(6) Raise, aline, and nail several truss
assemblies into position. Nail temporary 1 x 6 braces
across these assemblies (4, fig. 2-21) and other
assemblies as they are brought into position. Check
rafter spacing at peaks as braces are nailed on.
(7) Braces may be used as a platform
when raising those trusses when there is too little
room to permit rotation.
a. Definition. A heavy truss is a framed
or jointed structure composed of straight members
connected only at their intersections in such a way
that if the loads are applied at these intersections the
stress in each member is in the direction of its length.
b. Types. The web members of a truss
divide the truss into a number of triangles. It is
possible to arrange innumerable types of trusses, but
certain types have proved to be more satisfactory
than others, and each of these types has its special
uses. The various types of trusses used in heavy
building construction are illustrated by line diagrams
in figure 2-22. The members indicated by heavy
lines normally carry compressive stresses, and those
indicated by light lines normally carry tensile stresses
for vertical loads. In most cases, the compression
members are the shortest members in the truss, while
Figure 2-21. Erection of rafter trusses.
the tension members are the longest. This results in a
the actual installation. The following procedures
great saving of material, for a compression member
may be used in the actual installation of trusses:
requires a greater sectional area for a given stress
than does a tension member. Sometimes the top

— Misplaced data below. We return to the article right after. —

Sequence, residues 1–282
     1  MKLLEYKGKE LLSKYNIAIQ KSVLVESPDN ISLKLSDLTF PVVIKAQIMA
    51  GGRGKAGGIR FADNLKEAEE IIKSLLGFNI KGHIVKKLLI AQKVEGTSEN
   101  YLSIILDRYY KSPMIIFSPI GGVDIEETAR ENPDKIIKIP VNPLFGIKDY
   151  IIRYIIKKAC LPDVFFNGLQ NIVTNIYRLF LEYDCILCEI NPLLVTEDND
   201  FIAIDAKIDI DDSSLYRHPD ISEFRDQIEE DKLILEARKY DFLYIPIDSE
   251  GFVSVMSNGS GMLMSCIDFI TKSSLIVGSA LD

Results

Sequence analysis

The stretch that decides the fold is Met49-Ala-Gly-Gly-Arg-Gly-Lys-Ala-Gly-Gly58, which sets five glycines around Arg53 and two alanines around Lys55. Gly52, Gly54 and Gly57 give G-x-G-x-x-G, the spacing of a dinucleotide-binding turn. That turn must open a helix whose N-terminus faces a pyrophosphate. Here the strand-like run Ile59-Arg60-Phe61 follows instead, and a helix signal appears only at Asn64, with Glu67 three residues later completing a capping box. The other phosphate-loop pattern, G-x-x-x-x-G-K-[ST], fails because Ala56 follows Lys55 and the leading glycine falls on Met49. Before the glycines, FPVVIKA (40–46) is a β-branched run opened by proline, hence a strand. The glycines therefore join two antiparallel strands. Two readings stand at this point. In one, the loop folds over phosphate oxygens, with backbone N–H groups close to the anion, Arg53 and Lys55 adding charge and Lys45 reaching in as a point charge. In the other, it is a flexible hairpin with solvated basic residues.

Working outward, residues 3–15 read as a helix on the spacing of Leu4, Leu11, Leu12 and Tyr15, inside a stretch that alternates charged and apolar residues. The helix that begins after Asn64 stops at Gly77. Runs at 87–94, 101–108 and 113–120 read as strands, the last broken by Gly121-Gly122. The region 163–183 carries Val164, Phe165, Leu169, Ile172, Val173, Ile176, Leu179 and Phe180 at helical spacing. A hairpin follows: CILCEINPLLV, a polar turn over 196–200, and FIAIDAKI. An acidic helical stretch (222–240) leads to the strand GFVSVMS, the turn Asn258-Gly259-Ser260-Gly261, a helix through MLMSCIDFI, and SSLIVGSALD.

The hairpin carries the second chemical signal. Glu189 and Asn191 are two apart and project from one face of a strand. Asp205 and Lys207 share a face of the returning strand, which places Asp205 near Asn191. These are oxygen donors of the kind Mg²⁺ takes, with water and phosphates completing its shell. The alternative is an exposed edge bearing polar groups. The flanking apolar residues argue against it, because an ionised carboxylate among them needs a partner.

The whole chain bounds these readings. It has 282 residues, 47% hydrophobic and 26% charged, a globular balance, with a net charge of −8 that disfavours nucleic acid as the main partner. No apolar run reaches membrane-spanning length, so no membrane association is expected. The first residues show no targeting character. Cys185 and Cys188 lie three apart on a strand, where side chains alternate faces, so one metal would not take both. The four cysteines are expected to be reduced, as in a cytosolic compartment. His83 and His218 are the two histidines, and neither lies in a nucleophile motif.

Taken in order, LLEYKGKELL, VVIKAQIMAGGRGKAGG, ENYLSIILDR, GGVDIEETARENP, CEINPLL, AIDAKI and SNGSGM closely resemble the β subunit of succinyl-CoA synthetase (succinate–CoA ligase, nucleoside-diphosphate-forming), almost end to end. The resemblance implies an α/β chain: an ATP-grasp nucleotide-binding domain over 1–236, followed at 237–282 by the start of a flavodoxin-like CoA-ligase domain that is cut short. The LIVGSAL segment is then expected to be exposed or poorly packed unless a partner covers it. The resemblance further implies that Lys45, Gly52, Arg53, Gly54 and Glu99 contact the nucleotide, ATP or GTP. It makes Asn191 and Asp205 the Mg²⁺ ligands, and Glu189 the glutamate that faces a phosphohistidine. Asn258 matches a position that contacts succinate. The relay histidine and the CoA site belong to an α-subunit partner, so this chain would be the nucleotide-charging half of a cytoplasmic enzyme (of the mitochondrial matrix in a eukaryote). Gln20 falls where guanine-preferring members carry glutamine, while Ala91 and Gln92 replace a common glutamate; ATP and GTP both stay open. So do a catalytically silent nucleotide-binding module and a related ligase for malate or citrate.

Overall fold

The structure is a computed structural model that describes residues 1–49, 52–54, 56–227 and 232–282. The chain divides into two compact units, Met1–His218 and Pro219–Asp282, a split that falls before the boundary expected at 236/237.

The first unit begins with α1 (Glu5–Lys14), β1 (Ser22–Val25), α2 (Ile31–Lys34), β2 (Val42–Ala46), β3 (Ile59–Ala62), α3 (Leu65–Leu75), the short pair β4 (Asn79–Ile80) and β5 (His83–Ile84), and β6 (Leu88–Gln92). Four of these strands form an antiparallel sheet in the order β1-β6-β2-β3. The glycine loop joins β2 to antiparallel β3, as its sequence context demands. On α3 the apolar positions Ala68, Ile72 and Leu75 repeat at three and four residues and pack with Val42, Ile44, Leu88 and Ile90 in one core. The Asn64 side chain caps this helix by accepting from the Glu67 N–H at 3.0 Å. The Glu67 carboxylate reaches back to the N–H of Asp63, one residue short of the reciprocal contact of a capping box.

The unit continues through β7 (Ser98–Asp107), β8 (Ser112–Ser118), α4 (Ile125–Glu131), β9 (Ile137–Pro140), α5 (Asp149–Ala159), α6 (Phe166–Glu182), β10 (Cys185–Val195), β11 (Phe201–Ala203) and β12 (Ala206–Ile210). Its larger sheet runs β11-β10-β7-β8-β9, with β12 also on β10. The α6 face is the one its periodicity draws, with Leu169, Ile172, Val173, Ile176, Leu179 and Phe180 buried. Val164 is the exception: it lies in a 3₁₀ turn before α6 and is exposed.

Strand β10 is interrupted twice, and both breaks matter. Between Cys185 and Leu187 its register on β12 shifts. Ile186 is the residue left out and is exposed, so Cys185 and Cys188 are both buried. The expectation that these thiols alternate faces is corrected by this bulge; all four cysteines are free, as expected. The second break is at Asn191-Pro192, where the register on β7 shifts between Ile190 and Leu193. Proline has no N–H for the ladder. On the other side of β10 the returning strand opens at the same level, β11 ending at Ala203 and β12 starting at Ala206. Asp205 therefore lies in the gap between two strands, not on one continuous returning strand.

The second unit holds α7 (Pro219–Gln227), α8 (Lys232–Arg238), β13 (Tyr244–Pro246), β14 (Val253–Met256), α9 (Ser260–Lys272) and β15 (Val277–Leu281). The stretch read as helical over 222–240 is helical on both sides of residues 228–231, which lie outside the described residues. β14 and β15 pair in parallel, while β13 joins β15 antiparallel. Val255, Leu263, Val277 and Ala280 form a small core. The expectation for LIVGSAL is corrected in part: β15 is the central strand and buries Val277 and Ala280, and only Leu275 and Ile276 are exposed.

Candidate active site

(1) Mark proper positions of all truss
chords of these trusses are slightly sloping in one or
assemblies on top plate. The marks will show the
two directions for roof drainage, but this does not
exact position of a given face of all rafters (south or
change the type of truss. The necessary number of
subdivisions or panels depends upon the length of the
span and the type of construction.
(2) Rest one end of a truss assembly,
peak down, on an appropriate mark on top plate on
one side of structure (1, fig. 2-21).
(3) Rest other end of truss on opposing
(1) Member is the component which
mark on top plate on other side of structure (2, fig. 2-
lies between any two adjacent joints of a truss; it can
be of one or more pieces of structural material.
(4) Rotate assembly into position by
(2) Bottom chord is a member which
means of a pole or rope (3, fig. 2-21).
forms the lower boundary of the truss.
(5) Line up rafter faces flush against
(3) Top chord is a member which
marks and secure.
forms the upper boundary of the truss.